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President seeks new Nepal government by Saturday, Maoists on war path

By Sudeshna Sarkar,IANS,

Kathmandu : Nepal’s President Ram Baran Yadav, one of the key figures in the triangular drama that led to the fall of the Maoist-led government and triggered a constitutional crisis, Tuesday set a Saturday deadline for the formation of a new consensus government, a directive strongly rejected by the former guerrillas.

Shital Niwas, the presidential office, asked Nepal’s 25 parliamentary parties to form a new consensus government by Saturday to fill the vacuum left by Maoist Prime Minister Pushpa Kamal Dahal Prachanda’s resignation Monday after a protracted row over the dismissal of the army chief.

However, the presidential directive seems doomed to fail.

The Communist Party of Nepal-Unified Marxist Leninist (UML), the ally of the Maoist government whose pullout over the sacking row led to the collapse of the coalition, called a meeting of all parties but was boycotted by the Maoists.

The meeting, supported by the main opposition, former prime minister Girija Prasad Koirala’s Nepali Congress, was also boycotted by another former ruling alliance member, the Madhesi Janadhikar Forum (MJF).

“We will not attend the meeting,” Maoist spokesman and lawmaker Dinanath Sharma said after the parliamentary wing of his party called a council of war Tuesday to discuss its new strategy.

“We have also decided not to allow the interim parliament to conduct regular proceedings till army chief Gen Rookmangud Katawal is sacked and the unconstitutional step taken by the President, Dr Ram Baran Yadav, (in reinstating Katawal) is rectified.

“We will keep up pressure through the house and the street.”

As part of the pressure tactic, protests condemning the presidential interference’ erupted in Kathmandu and outer districts like Mahottari, Nawalparasi and Palpa with Maoist cadres burning Yadav’s effigy.

Police said 63 people – mostly leading human rights activists and civil society leaders – were arrested after they defied a prohibitory order and tried to stage a sit-in before the presidential office and residence.

“We have the right to hold peaceful protests,” said Devendra Raj Pandey, a leading human rights activist. “We will keep up our protests till the president takes back his unconstitutional step.”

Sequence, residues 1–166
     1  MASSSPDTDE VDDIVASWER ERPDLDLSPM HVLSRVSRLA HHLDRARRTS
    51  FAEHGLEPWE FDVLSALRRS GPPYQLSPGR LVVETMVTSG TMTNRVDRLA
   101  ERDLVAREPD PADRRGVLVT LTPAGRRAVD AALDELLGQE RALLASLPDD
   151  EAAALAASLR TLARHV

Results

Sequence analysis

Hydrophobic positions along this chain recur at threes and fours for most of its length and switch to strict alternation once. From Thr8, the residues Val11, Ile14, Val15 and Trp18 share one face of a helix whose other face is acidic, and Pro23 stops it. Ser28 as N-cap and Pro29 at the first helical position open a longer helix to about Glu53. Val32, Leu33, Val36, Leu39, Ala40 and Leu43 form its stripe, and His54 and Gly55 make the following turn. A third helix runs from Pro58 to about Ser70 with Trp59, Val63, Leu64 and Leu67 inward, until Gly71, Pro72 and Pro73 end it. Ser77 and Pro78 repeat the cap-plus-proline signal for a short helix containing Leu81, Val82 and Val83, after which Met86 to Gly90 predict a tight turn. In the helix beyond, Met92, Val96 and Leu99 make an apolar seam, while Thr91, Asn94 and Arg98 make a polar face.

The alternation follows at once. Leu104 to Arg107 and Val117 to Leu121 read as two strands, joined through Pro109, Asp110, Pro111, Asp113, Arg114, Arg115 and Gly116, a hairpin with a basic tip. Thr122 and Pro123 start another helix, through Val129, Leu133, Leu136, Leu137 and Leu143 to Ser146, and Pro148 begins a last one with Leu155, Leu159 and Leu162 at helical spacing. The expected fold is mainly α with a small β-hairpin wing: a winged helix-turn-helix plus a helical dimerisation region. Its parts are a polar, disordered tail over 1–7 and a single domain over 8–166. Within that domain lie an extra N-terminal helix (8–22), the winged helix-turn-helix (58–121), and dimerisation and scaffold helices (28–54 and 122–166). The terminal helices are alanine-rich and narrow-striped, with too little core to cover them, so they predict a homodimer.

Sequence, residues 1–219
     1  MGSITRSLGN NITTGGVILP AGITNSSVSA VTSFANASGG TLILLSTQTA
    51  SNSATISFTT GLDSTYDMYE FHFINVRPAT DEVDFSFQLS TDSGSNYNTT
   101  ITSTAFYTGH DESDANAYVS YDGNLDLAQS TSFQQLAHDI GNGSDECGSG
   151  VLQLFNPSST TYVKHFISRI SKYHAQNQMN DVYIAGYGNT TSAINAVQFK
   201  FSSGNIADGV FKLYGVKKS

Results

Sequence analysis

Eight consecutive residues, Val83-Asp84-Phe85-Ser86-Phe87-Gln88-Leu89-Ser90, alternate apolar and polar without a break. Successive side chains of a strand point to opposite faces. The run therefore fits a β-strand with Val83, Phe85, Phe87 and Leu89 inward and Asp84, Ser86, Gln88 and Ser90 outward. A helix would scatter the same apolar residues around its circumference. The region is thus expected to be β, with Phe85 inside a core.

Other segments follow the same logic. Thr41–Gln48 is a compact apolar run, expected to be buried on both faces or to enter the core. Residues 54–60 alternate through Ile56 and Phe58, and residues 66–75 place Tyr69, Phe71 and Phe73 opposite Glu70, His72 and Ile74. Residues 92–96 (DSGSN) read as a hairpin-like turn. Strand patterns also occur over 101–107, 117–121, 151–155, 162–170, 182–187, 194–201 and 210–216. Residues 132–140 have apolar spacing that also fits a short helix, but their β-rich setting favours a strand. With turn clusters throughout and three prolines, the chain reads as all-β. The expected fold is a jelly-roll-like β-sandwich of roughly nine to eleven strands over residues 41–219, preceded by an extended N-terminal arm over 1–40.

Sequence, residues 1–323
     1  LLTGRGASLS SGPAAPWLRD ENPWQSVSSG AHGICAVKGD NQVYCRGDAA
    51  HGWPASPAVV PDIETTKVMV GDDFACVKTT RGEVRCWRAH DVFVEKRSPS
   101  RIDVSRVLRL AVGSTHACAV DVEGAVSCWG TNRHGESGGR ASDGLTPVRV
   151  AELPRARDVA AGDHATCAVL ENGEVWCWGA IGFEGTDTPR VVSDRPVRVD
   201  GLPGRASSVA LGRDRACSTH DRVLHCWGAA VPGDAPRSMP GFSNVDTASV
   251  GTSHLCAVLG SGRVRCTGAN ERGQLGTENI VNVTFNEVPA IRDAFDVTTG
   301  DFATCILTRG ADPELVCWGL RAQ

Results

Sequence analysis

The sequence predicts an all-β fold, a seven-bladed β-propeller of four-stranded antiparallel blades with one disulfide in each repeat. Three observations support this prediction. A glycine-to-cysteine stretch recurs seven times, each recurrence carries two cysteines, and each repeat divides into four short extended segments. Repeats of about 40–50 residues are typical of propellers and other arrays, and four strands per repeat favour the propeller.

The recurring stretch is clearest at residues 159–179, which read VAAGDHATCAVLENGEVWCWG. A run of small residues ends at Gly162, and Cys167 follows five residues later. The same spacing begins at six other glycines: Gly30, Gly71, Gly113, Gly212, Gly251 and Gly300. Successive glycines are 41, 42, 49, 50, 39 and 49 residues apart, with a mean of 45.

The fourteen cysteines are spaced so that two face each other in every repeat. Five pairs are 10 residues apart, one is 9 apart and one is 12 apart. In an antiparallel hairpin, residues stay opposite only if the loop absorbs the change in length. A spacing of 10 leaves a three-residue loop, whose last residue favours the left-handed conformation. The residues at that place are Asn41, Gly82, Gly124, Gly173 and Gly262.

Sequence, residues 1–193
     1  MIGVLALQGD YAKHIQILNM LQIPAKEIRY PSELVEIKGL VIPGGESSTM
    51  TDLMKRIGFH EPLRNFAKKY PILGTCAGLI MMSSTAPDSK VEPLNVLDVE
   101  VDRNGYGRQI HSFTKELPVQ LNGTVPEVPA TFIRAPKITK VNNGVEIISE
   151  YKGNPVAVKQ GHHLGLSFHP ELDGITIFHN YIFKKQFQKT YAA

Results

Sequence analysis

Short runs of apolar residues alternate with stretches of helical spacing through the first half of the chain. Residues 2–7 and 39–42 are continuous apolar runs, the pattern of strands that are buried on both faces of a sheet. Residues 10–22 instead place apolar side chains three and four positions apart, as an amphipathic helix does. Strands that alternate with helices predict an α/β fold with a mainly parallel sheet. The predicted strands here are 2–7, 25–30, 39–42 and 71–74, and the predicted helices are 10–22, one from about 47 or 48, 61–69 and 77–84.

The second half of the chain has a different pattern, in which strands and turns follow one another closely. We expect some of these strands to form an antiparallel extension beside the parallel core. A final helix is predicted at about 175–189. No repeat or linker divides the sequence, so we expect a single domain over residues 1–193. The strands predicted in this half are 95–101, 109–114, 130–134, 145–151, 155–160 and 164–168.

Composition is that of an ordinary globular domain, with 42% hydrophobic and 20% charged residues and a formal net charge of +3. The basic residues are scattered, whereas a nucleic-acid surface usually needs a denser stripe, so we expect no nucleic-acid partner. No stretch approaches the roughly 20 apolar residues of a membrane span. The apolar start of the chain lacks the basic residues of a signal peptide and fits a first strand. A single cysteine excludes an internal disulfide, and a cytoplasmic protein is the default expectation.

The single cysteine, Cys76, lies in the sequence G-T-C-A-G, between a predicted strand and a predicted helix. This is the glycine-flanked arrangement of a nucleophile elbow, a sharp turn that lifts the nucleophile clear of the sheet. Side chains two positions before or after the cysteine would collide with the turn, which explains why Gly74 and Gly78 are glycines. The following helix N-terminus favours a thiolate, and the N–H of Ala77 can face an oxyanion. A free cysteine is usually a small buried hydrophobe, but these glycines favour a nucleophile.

With a consensus government unlikely by Saturday, Nepal seems destined to repeat last year’s history when the same difficulty finally made the interim parliament elect a prime minister by simple majority.

If the parties fail to meet the Saturday deadline, the president will have to call for a vote in the house. However, that too seems impossible with the Maoists deciding to obstruct parliament till Yadav or his controversial decision goes.

However, a solution could come from the Supreme Court.

Inhured International, Nepal’s oldest rights organisation, Monday moved court, accusing the president of having overstepped his jurisdiction.

Five lawyers Tuesday asked judge Balram KC to stay the reinstatement, saying the president had acted unconstitutionally by countermanding the order of the elected government.

The UML said it would leave it to the court to resolve the row.

“Though there are questions about the legality of the president reinstating the army chief, we realise that it was done to resolve the growing crisis,” said UML lawmaker Shanker Pokhrel.

“While we feel the Maoists acted unilaterally by sacking the army chief when it was not endorsed by any other party, we are happy to leave the issue of the president to the court.”

Meanwhile, UN Secretary-General Ban Ki-moon once again asked the warring parties to honour the peace pacts ahead of a UN Security Council meeting.

While saddened by developments leading to Prachanda’s resignation, Ban however was encouraged by the former guerrillas’ assurances of their commitment to the peace process, including continued participation in the drafting of the constitution.

Reiterating his call for restraint and political consensus, Ban has asked all the stakeholders to “strictly” adhere to the comprehensive peace agreement signed in 2006 that led to the end of the communist insurgency and all other associate pacts.

The statement came ahead of the UN Security Council meeting in New York to discuss a recent report on the developments submitted by Ban.

Ban’s representative in Nepal, UN Mission in Nepal chief Karin Landgren, would brief the Security Council on the current situation in the country.